In the 1980's, John Hughes wrote some of the greatest love lines in history! We've rounded up the 5 best (and most famous) love quotes from the 'Brat Pack' movies.
Parents often struggle with how to draw and enforce boundaries for their teenage child. For example, consider the following situation: Imagine your 16 year-old daughter wants to go to a party on a school night – something that you are totally opposed to.
It's hard for kids to watch their divorced parents date new people. Even harder: tagging along on their parents' romantic getaway. In this new movie, Pam (Toni Collette) takes her 14-year-old son Duncan (Liam James) to Cape Cod, where they live with Pam's new boyfriend Trent (Steve Carrell). But the "vacation" is anything but relaxing, mainly because of the tension between Trent and Duncan. So here are some takeaways for divorced parents!
We love our kids. Year after year, we do anything to give them every advantage in the world and nudge them toward the life of their dreams. This is often at the cost of our personal time and relationships. So many parents feel like they have put their life on hold to put all their available energy and resources into their kids.
My daughter is in her first year of high school and navigating the world of girl drama, boyfriends and school dances. As painful as it can be to watch her suffer through some of this, I want her to know a few things that I wish I'd known at her age.
Imagine a scene where you ask your teen to pick up his clothes and he smiles and does it immediately. Does that sound too far-fetched. Maybe not, read on…. Every teen misbehaves at some point or another. From talking back and slamming doors to ditching class and using profanity. It’s normal for teens to want to feel independent, but it’s not acceptable for them to act out in a negative manner. Don’t go to the extreme, however — sending them off to boarding school isn’t the answer.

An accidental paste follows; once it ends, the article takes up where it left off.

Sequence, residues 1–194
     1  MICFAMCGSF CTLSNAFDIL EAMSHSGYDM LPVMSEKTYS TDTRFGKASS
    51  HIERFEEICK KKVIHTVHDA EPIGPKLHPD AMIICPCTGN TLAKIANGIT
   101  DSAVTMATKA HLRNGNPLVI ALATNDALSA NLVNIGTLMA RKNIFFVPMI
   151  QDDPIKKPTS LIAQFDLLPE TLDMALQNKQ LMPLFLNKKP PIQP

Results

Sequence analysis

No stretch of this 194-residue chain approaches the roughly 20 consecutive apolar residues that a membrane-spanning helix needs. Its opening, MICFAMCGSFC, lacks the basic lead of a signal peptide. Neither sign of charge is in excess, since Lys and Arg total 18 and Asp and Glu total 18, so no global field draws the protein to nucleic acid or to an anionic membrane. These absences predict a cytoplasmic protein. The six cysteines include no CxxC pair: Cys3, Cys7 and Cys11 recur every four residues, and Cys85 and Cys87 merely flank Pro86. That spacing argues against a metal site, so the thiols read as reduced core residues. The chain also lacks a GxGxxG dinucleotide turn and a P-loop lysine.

Failed time-outs can be a huge source of frustration for parents and teachers, making them question their skills and abilities, and leading to the belief that they need to escalate severity to get consequences to work. This can easily result in stronger and stronger reprimands, lectures, and even yelling, along with more and more drastic and punitive consequences. This is typically a recipe for disaster. There is a much better way. Really understanding why time-outs don’t work is the place to begin.
Being a professional life coach for teens has its benefits and challenges. Frankly, most of the benefits come from my wonderful adolescent clients. Ironically, the biggest challenges come from my own teenage children. My oldest daughter is a senior in high school, and when it came to the “sex talk” I was told that I was not the appropriate parent. Even though I had numerous conversations time and again with other teens, it was clear that I wasn’t allowed to speak with her about this topic. I was given the reasons, relinquished that role and
In what is possibly the most heartwarming story of the week, an entire community in Michigan has come out in support of a bullied teen.
As a recent profile about her in New York mag says, Jane Pratt has indeed been "15 for an awfully long time now;" she declares that as her "emotional" age, or the age you will never forget because something really life-changing happened to you. I guess mine is a bit older.
Parents, teachers, extended family and neighbors recognize the special challenges of those who love and teach learning disabled children and adults. They are usually sensitive, kind and giving as small children. Because they are small in stature, people are more forgiving of what they can and cannot do. Teenagers With Learning Disabilities
For a while now, it's been perceived that teens who aren't rushing to have intercourse are still experimenting with oral sex "en masse," as in rainbow parties and handies on the school bus. But a new study from the Centers for Disease Control and Prevention challenges that assumption with cold, hard facts.
A recent study revealed that more than one in four teenagers in Texas had sent naked photos of themselves. In addition, one-third of those teens had asked to be sent a nude shot via text.
A recent Harvard Medical School study found that nearly 8% of adolescents experienced bouts of extreme anger, sufficient to be diagnosed as "intermittent explosive disorder" — a form of mental illness. I'm surprised the number isn't higher.